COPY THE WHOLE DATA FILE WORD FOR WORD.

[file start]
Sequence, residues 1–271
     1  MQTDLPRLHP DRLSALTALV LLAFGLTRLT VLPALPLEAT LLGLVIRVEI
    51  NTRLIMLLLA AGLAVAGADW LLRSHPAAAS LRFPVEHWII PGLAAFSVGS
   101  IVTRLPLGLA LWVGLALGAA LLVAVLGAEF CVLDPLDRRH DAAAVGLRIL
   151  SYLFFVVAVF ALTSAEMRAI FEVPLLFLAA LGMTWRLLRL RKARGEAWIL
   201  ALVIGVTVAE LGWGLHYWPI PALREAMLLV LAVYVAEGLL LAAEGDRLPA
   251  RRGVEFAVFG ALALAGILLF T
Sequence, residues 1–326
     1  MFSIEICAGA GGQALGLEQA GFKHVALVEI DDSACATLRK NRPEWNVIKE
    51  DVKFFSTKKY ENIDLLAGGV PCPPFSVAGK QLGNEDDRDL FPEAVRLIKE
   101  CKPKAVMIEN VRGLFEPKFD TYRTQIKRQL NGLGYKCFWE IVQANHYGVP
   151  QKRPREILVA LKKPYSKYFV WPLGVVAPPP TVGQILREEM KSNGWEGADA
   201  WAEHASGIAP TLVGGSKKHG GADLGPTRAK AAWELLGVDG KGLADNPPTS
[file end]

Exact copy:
Sequence, residues 1–271
     1  MQTDLPRLHP DRLSALTALV LLAFGLTRLT VLPALPLEAT LLGLVIRVEI
    51  NTRLIMLLLA AGLAVAGADW LLRSHPAAAS LRFPVEHWII PGLAAFSVGS
   101  IVTRLPLGLA LWVGLALGAA LLVAVLGAEF CVLDPLDRRH DAAAVGLRIL
   151  SYLFFVVAVF ALTSAEMRAI FEVPLLFLAA LGMTWRLLRL RKARGEAWIL
   201  ALVIGVTVAE LGWGLHYWPI PALREAMLLV LAVYVAEGLL LAAEGDRLPA
   251  RRGVEFAVFG ALALAGILLF T
Sequence, residues 1–326
     1  MFSIEICAGA GGQALGLEQA GFKHVALVEI DDSACATLRK NRPEWNVIKE
    51  DVKFFSTKKY ENIDLLAGGV PCPPFSVAGK QLGNEDDRDL FPEAVRLIKE
   101  CKPKAVMIEN VRGLFEPKFD TYRTQIKRQL NGLGYKCFWE IVQANHYGVP
   151  QKRPREILVA LKKPYSKYFV WPLGVVAPPP TVGQILREEM KSNGWEGADA
   201  WAEHASGIAP TLVGGSKKHG GADLGPTRAK AAWELLGVDG KGLADNPPTS